Cobweb spiders go against the arachnid norm when it comes to helping parents raise their young, researchers have found.
Though it is rare for spiders to live in groups, a new study found that some spiders support each other's offspring through communal living.
Spider parents in the genus Anelosimus, which build silk-intensive webs, typically care for offspring on their own. But in the new study of such Anelosimus spiders, researchers found that harsh environmental conditions, such as heavy rainfall, could damage those webs. The result? The spiders joined forces and lived in large colonies to support the little ones. [Weird and Wonderful: 9 Bizarre Spiders]
The researchers studied two spider habitats in Ecuador. In the milder conditions of high-elevation habitats, the spiders lived in small colonies with family members. However, in the lowland rainforest, the colonies would contain hundreds to thousands of spiders from different families.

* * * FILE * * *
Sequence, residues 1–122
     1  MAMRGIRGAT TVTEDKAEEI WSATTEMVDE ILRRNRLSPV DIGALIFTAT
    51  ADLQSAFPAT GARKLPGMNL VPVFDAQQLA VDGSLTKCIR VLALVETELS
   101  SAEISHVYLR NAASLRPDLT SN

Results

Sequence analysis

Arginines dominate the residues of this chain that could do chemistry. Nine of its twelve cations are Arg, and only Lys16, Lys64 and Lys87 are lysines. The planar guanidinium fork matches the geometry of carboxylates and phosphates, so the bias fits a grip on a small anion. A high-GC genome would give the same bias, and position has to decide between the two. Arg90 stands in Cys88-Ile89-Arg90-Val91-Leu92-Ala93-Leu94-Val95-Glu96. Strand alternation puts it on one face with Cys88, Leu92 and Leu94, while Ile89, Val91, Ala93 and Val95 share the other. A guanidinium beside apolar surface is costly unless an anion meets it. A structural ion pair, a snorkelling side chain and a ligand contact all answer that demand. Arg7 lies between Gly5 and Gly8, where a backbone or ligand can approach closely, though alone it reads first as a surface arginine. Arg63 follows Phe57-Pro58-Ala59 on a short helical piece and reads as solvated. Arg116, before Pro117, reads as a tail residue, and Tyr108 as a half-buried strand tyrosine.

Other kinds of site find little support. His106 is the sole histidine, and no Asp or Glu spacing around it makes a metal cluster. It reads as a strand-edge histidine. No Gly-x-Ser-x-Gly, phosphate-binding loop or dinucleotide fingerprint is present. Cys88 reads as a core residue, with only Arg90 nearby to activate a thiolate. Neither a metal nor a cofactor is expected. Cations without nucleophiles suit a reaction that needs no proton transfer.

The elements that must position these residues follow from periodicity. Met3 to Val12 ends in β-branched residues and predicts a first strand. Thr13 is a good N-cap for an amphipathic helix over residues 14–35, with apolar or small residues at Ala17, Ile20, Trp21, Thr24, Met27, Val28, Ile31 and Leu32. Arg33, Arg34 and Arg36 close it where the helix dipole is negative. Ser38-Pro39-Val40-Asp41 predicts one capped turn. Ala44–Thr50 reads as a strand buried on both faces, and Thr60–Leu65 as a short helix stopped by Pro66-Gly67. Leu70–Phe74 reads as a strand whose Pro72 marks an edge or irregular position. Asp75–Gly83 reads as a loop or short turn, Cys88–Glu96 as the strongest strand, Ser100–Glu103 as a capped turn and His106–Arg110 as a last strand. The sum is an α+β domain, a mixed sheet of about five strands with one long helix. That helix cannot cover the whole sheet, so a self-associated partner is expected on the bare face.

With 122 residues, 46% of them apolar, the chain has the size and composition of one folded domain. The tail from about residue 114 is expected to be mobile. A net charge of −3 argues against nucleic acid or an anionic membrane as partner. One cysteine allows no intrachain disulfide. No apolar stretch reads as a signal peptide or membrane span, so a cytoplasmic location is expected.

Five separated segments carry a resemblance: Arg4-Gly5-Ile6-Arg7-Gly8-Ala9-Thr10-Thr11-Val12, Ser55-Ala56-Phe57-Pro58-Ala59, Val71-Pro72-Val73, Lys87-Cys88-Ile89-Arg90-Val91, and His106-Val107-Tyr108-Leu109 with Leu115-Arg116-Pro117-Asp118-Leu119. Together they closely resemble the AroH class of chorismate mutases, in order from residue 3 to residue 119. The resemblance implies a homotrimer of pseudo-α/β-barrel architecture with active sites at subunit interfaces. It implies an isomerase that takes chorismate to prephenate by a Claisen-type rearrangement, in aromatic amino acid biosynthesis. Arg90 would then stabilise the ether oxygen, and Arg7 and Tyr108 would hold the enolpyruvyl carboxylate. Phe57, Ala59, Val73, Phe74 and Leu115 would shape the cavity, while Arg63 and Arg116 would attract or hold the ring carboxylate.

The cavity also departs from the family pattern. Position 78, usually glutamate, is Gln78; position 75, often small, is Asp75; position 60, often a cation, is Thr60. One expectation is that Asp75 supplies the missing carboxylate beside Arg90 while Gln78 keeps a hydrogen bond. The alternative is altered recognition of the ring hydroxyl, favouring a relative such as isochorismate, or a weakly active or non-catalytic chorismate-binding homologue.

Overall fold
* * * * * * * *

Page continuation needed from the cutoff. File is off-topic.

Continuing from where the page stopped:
"The spiders make dense webs that require a lot of silk," Leticia Avilés, a senior author of the study and a professor of zoology at the University of British Columbia, said in a statement. "When the webs get damaged by strong rains, or colonies are attacked by predators, some spiders can protect their offspring while others go and make the repairs."
Only some animals living in groups will work together to raise each other's offspring, making the spiders' protection of nonrelative offspring rare, according to the researchers. Avilés said one other example is penguins huddling together to survive the extreme cold of Antarctic winters.
Avilés and colleagues also tested the spiders' adaptability. They took spiders from the single-family colonies at the higher-elevation site and introduced them to the larger rainforest colonies. The introduced spiders integrated into the cooperative living, helping to protect the colony, the researchers observed.
"By living in groups, the spiders can occupy spaces that they wouldn't otherwise be able to, thus helping us understand why animals evolve to be social species," Avilés said.
The research was detailed in a study published online Feb. 15 in the journal Behavioral Ecology.
Original article on Live Science.
Live Science newsletter
Stay up to date on the latest science news by signing up for our Essentials newsletter.